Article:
Lets leave the story here and go back to the Iranian revolution of 1979 again. Besides unleashing the beast of political Islam, it also provoked the Russians to make the hasty decision to invade Afghanistan, driven by the fear that with Iran lost, the Americans would move their listening posts there. The Americans, with logistic support provided by the ISI, decided to create an army of radical Sunni Islam Mujahideen to take on the Russians. The most radical Islamic crazies, languishing in prisons in places like Egypt and Saudi Arabia, were given the opportunity to come to Afghanistan and wage jihad against the Godless Communists.That they did, training in special military camps collectively referred to as The Base. Or Al Qaeda.
There was but one problem, to unite this diverse group of Egyptians, Syrians, Palestinians and Saudis, a figurehead would be needed, preferably someone with royal blood. Now the Saudi princes,while fine with donating money for a holy cause, were not going to leave their lives of luxurious debauchery and fight in the badlands of Afghanistan against a ruthless enemy. Well all except one, a second-rate royal, considered fanatically crazy and lethal by the Saudis themselves. One Osama Bin Laden.
Osama and his friends, once they had defeated the Russians, needed a new place to fight the infidels. Here the key figures in Al Qaeda differed among themselves. Abdullah Azzam, a Palestinian, wanted to take the fight to the Israelis in Pakistan. Egyptian cleric, Ayman al-Zawahiri wanted to overthrow the secular government in Egypt which was cracking down on Islamic Jihad and the Brotherhood. The ISI wanted the Mujahideen to fight in Kashmir. While Osama, emboldened by having defeated one superpower, felt strong enough to take on the other and establish the empire of Islam. In the struggle for the future of Al Qaeda, Osama won—Azzam was assassinated by a bomb blast and al-Zawahiri, smart man no doubt, threw in his hat with Osama.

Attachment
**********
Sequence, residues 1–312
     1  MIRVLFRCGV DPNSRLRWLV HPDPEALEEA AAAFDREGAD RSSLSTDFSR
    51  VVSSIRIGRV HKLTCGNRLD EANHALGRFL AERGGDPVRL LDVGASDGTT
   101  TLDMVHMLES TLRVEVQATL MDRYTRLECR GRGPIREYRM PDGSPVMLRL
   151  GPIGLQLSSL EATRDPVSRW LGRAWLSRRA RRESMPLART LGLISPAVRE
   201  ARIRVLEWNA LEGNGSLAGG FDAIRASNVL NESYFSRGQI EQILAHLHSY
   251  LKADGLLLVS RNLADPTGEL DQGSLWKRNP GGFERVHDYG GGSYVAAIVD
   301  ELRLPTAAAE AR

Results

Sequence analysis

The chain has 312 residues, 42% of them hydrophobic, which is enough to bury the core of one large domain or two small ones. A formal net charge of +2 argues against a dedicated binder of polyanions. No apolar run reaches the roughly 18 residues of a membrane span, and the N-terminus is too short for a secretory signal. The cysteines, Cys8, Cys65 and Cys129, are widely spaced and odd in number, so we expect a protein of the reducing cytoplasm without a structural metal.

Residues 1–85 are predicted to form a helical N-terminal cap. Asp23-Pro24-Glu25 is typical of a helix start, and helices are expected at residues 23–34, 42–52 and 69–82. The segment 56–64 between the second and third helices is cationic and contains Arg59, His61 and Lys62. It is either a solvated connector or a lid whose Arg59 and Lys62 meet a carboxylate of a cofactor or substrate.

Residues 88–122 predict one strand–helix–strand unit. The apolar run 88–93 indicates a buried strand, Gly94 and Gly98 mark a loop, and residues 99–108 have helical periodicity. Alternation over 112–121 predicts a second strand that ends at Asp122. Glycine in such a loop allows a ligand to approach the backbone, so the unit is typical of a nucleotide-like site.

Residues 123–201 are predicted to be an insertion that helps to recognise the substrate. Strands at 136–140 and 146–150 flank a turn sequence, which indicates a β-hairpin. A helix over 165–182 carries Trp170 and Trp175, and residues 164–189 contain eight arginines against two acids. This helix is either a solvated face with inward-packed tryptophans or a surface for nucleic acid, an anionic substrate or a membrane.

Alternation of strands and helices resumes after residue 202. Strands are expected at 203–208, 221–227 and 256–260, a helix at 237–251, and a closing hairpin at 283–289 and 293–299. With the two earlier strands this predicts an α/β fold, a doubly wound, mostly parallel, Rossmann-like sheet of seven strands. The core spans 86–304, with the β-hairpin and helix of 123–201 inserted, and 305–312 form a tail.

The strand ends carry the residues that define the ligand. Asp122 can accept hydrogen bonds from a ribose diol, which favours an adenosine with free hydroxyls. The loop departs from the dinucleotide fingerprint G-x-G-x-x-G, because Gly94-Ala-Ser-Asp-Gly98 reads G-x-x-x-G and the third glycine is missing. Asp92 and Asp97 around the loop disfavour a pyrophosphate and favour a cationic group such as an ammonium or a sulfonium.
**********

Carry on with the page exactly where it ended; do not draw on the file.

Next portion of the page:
It was around this time that Saddam’s army rolled into Kuwait. Osama went to Saudi Arabia, offered King Fahd the services of his band of Jihadis to fight Saddam, who he perceived as Godless secular communist, an enemy of his vision of Islam. The Sauds, very wisely, preferred the organized army of the United States over the ragtag fighters of Osama. And so when the US forced set foot in Saudi Arabia to start Desert Shield, Osama declared war on not only the US but also on the house of Saud.